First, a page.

19 Aug 2016

Diabetes drug could help reduce cardiovascular disease.

The world’s most commonly used Type 2 diabetes drug, Metformin, may be ‘repurposed’ to treat non-diabetic conditions according to researchers from the University of Dundee. The international study led by Professor Chim Lang and Dr Graham Rena at the Division of Molecular and Clinical Medicine at Dundee suggests that there is now strong evidence that the drug exhibits an anti-inflammatory action which may prove significant in non-diabetic cardiovascular disease. Inflammation is understood to contribute to cardiovascular disease (CVD) but existing nonsteroidal anti-inflammatory drugs (NSAID...

Diabetes drug could help reduce cardiovascular disease.

15 Aug 2016

Is this the face of the notorious Lord Darnley?

A University of Dundee Masters student has stepped back through the mists of time to recreate the face of one of the most notorious figures from Scotland’s history, solving an ancient mystery in the process. Emma Price (23) has recreated the face of Henry Stuart, better known as Lord Darnley, as part of her MSc Forensic Art & Facial Identification course at Duncan of Jordanstone College of Art and Design, part of the University. Her work will be one of the exhibits at this year’s Masters Show, which opens at Duncan of Jordanstone this weekend. Lord Darnley rose to infamy as the second husba...

Is this the face of the notorious Lord Darnley?

10 Aug 2016

Research supports targeting enzyme group to treat autoimmune diseases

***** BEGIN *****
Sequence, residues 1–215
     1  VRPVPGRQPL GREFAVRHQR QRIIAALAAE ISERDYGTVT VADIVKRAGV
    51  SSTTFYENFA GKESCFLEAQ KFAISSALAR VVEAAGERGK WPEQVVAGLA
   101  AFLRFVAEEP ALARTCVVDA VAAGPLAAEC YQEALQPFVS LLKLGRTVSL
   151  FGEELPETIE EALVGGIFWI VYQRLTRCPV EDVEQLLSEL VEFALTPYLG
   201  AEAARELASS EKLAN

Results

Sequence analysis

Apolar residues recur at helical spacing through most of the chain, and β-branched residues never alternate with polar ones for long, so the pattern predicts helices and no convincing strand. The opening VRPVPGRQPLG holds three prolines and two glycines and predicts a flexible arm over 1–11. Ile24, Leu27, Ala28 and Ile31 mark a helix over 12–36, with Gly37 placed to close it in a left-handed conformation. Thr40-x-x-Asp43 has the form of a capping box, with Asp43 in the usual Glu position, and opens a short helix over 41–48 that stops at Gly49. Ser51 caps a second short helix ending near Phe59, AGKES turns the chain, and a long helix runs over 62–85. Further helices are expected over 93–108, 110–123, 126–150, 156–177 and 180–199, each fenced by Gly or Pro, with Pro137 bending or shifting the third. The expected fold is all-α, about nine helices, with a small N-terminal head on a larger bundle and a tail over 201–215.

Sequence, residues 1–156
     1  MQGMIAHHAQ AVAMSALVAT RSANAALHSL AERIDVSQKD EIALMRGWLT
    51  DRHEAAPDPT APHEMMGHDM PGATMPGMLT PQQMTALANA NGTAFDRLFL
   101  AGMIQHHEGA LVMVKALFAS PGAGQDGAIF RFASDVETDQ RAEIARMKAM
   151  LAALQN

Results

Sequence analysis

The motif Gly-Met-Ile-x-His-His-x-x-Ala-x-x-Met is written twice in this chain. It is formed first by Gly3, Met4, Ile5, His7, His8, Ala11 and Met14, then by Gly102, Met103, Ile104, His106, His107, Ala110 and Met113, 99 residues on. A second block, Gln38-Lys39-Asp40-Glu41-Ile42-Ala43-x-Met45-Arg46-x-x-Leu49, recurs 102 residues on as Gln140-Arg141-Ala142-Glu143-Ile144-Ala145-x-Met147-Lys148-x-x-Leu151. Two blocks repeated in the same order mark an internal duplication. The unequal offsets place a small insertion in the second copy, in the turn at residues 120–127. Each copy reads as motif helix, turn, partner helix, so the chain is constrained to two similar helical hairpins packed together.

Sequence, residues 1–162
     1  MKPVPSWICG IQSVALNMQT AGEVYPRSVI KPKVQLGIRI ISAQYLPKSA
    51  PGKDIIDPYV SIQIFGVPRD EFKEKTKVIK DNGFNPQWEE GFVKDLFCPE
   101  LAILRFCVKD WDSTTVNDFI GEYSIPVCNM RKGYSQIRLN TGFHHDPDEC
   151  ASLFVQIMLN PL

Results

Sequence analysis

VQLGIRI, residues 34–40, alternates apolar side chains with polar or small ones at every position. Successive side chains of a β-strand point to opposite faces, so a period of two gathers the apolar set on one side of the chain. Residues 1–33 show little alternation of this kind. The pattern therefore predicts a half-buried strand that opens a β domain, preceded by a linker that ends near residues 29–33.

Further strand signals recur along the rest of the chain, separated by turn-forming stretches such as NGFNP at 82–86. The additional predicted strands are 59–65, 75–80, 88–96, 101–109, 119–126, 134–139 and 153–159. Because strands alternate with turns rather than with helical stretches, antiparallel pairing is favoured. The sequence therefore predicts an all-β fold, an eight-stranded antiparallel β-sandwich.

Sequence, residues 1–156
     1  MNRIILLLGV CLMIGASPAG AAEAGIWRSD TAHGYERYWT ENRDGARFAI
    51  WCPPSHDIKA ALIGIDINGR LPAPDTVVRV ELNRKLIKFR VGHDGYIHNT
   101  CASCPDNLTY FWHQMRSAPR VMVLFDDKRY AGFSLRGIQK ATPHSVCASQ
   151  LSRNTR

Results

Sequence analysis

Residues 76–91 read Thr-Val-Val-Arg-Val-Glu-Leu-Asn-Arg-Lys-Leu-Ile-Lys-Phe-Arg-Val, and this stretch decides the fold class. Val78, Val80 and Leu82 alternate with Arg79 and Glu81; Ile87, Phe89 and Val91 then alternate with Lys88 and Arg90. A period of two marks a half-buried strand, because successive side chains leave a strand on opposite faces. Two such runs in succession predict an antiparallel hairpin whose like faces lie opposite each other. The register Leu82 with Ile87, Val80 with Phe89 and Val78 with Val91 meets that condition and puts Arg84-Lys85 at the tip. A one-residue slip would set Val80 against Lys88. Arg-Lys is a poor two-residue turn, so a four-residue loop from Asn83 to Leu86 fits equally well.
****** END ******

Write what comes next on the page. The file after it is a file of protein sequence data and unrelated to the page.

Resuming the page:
New research from the University of Dundee has shown that targeting a specific group of enzymes could be a viable strategy for treating autoimmune diseases such as psoriasis and multiple sclerosis, which affect millions of people. Autoimmune diseases develop when the immune system, which defends the body against disease, is convinced that our healthy cells are foreign. As a result, the immune system then attacks the healthy cells. Researchers led by Dr Simon Arthur in the School of Life Sciences at Dundee examined the way that a drug called dimethylfumarate (DMF), which is licensed in the UK as Tecfidera, ...

Research supports targeting enzyme group to treat autoimmune diseases

10 Aug 2016

Dundee research explains drug resistance in ovarian cancer

Scientists at the University of Dundee have uncovered important information about how ovarian cancer becomes resistant to certain treatments. The researchers found that a gene called ABCB1, which is known to play a role in resistance to the chemotherapy drug paclitaxel in ovarian cancers, also causes resistance to other ovarian cancer treatments. Women with ovarian cancer are commonly treated with a combination of carboplatin and paclitaxel, but if their cancer stops responding, doctors need other options. For many women, particularly those with faults in their BRCA genes, a new family of drugs called PARP...

Dundee research explains drug resistance in ovarian cancer

2 Aug 2016

Appendix and tonsil removals lead to higher pregnancy rates, study shows

Women who have their appendix or tonsils removed when they are young are more likely to get pregnant, and do so sooner, than the rest of the population, a new study led by the University of Dundee has shown. The study examined the anonymised medical records of hundreds of thousands of women in the United Kingdom. Pregnancy rates were significantly higher among those who had had an appendectomy (54.4%), tonsillectomy (53.4%) or both (59.7%) than those in the rest of the population (43.7%). Time to pregnancy was also shortest among those who had both an appendectomy and tonsillectomy, followed by appendectom...

Appendix and tonsil removals lead to higher pregnancy rates, study shows